|Left to right: Edward Norton and Emma Stone|
For a moment, let's put aside the subtext of director Alejandro Gonzalez Inarritu's Birdman. Let's put aside how it is a reflection of movie culture and that it serves as a metaphorical and literal comeback film for star Michael Keaton. Let's even ignore the attack on franchise culture that runs through the film and focus on something that is far more impressive: the passage of time. It may seem like a pointless question until you understand the technical brilliance behind those single takes that were established to create a singular flow. What makes them exceptional and adds more weight to the film than the awkward script or melodramatic acting is how unassumingly it transitions within frame from moment to moment and often day to day.
With a lot attention being focused on Boyhood's use of time, it feels important to recognize how this influences the scenes. While both embody a different span, both manage to do so unassumingly. In the case of Richard Linklater's epic, his shots transition from one to another without any recognition of date. The audience is forced to notice differences in the surroundings. This is of course most indicative in the actors, whose physical appearance changes over time on top of their environment. There is a silent understanding among the film and viewers that this film is going for realism, with various scenes playing out in real time.
Which is why Birdman serves as a fascinating antithesis to Boyhood in every where. The film strives for supernatural, often incorporating telepathy elements and playing loud acting for comedic commentary. The film is full of more explicit symbolism and leaves a rather ambiguous ending. However, what's more interesting comes in the passage of time within this hyper-realism that feels just as nuanced as it does stylized. For in the film's visual depiction, we see the passage of time more subtly than Boyhood or many other films for that manner. If the film has one ambitious task on its hands, it is showing a few days within minutes of each other; relaying significant events so casually that the viewer would be forgiven for mistaking their understanding of time frame.
This happens almost immediately in the film. As Riggan Thompson (Michael Keaton) is getting ready to practice his play that he wrote, directed and starred in, he is putting on his costume in a mirror. As the camera pans around, the room has changed. He is accompanied by journalists interviewing him. To the audience's understanding, it is a different moment from where we started. However, the cinematic interpretation is that some time has passed to allow the journalists to be granted access into Thompson's dressing room. The flow allows for critical details to be shared without ruining the pacing of the story.
Within the next 10 minutes, Thompson is escorted to the stage where he performs with an actor who suffers a concussion from faulty equipment. He needs to be replaced. After wandering around throughout the hallways, Thompson reenters the stage and finds Mike Shiner (Edward Norton) there waiting. It is once again an understanding of the audience that some time has passed. However, within frame it has only been a few minutes. Various events keep occurring like this within the theater, including a handful of preview shows involving massive crowds. To have shot this in real time would have added a great amount to the running time that we should be thankful was excised.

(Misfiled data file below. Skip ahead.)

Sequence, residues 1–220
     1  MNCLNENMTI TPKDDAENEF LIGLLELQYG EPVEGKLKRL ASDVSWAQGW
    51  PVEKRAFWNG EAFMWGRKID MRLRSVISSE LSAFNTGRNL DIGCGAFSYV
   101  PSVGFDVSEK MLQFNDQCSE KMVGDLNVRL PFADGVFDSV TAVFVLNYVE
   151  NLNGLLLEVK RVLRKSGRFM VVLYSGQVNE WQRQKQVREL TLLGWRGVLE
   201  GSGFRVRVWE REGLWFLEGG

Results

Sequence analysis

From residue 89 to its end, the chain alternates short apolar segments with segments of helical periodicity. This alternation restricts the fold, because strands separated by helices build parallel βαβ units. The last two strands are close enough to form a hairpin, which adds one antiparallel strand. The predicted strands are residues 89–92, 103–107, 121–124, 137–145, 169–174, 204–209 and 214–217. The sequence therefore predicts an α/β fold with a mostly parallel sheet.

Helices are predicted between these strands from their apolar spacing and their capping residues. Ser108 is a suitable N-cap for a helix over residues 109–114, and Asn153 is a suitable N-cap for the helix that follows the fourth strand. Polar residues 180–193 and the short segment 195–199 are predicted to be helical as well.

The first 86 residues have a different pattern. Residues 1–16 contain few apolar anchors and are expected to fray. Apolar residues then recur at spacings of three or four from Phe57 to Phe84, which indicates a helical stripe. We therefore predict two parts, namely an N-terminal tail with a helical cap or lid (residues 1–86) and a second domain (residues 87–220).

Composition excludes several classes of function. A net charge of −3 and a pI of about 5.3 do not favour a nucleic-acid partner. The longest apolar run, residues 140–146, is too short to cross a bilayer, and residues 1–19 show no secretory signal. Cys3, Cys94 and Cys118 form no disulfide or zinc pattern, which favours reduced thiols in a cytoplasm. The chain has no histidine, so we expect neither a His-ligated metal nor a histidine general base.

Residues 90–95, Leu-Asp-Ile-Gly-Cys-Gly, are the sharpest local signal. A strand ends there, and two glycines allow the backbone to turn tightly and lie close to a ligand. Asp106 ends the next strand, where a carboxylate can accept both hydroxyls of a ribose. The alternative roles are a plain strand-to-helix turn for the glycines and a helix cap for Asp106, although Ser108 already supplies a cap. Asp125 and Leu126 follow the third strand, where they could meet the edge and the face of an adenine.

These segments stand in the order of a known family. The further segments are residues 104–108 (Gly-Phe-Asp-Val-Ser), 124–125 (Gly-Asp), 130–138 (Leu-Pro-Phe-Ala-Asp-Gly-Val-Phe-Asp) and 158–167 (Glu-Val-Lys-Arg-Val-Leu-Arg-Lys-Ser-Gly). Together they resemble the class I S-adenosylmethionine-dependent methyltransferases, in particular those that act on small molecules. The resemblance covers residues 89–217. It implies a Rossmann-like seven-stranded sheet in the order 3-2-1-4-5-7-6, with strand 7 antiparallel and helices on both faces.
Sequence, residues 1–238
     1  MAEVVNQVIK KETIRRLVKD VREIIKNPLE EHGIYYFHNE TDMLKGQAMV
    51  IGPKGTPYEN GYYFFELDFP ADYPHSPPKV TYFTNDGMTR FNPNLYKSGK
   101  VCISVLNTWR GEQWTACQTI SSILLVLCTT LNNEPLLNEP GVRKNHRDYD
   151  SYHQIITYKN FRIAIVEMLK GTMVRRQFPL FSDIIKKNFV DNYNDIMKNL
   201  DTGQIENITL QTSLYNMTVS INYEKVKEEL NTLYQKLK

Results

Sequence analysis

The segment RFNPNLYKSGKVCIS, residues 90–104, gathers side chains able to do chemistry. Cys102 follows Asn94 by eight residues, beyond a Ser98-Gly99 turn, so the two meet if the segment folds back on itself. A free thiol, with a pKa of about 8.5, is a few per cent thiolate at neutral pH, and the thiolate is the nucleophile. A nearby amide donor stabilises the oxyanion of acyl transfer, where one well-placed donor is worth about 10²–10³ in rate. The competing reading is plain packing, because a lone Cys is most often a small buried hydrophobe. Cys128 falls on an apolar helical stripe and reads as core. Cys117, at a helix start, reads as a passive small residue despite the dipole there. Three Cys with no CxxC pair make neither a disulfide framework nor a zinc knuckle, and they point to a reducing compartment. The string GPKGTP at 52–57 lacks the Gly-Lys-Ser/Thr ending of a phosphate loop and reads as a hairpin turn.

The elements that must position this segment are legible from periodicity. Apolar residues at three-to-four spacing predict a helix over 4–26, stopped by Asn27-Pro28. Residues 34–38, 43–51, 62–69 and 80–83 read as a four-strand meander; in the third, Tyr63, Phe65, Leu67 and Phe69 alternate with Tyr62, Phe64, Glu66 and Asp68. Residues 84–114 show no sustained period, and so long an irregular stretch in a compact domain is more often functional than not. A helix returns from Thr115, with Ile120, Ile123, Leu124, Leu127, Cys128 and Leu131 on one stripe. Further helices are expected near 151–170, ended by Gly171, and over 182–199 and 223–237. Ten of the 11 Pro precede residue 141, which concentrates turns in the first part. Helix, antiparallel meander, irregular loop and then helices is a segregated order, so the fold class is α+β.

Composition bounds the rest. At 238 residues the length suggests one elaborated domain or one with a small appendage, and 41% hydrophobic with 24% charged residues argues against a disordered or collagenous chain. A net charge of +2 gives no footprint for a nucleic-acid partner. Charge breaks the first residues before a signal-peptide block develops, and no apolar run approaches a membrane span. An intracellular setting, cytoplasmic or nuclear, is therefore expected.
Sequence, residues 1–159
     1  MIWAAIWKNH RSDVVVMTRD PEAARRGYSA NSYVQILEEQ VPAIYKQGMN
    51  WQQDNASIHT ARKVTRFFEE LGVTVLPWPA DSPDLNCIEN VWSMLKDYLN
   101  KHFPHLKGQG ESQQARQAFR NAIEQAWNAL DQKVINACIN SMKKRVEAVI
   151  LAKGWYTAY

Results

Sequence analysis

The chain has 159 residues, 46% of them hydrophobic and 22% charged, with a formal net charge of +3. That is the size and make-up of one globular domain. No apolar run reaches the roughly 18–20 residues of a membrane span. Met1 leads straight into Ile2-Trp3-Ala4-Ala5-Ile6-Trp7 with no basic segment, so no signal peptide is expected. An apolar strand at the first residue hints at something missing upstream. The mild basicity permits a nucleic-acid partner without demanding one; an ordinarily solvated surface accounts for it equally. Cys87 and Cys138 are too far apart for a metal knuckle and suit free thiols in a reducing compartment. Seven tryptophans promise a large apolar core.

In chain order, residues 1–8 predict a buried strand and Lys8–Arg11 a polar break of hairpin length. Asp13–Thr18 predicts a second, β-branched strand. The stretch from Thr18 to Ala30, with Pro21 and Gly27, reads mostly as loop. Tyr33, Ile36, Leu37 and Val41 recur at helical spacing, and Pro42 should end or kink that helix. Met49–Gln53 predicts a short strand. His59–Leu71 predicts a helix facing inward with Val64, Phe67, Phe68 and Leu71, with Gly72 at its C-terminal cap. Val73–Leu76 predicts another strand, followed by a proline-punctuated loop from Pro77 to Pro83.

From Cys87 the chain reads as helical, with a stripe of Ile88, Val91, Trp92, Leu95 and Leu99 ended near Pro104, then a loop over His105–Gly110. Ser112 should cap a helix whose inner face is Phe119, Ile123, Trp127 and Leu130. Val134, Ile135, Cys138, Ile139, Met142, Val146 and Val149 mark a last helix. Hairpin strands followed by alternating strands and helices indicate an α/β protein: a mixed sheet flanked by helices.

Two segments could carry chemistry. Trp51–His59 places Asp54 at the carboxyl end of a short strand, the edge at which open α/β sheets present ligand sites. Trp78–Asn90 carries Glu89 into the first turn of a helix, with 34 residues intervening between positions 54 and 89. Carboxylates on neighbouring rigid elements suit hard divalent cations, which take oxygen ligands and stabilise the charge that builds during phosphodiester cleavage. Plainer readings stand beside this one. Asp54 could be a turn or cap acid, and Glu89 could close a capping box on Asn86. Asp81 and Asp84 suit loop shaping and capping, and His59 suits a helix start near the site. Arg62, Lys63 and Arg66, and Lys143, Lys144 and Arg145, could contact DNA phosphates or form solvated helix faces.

However, it brings an interesting question to the table. With the stylized use of time, Inarritu has confidently managed to convey passage with no more than specific characters entering and exiting scenes. The film only shows two exterior shots that would suggest one day fading into the next. However, there has been a longer period in which the events happening within the confines of the theater have taken place. From the journalists that start the film to a series of backstage hands that are introduced in the background, one moment blurs into another and even if the single take technique feels a little forced at times, it manages to reestablish the conversation between viewer and film in unexpected fashions, rarely breaking the continuity to transition to an alternative set.
Its use of time actually feels very poignant with its general subject: the theater. If Birdman is considered to be shot as if one continual play, it manages to effectively do in cinema what is done theatrically. It maneuvers through moments in the film by continually shifting focus and only hinting at the passage of time. Characters seem to run through a scene only to convey small pieces of information. While there is a stage at the center of Birdman, the entire theater and even street outside become a stage. The subliminal use creates theater within theater in fascinating manners.
Which is why the film deserves more credit than it does. It reinvents the language of film by using one of the oldest theatrical techniques out there. Not to discredit the impact that Boyhood's lengthy narrative possesses, but it feels more conventional in style and thus doesn't feel as revolutionary. For all of the complaints of script and acting problems, Birdman is a film of astounding audacity, choosing to challenge how the audience understands the passage of time within a frame and not through carefully placed edits. While this doesn't make for great story telling, it serves for a more challenging approach to it. For all of the credit that Boyhood gets in passing time, Birdman does it so in the only thing it does more subtle than Linklater. It is something worth applauding, if just in helping to better understand why the story works as a singular take. Many films have tried the single take form before, but rarely has it been done successfully enough to trick audiences into understanding that within minutes, without edits, that hours or even days have passed.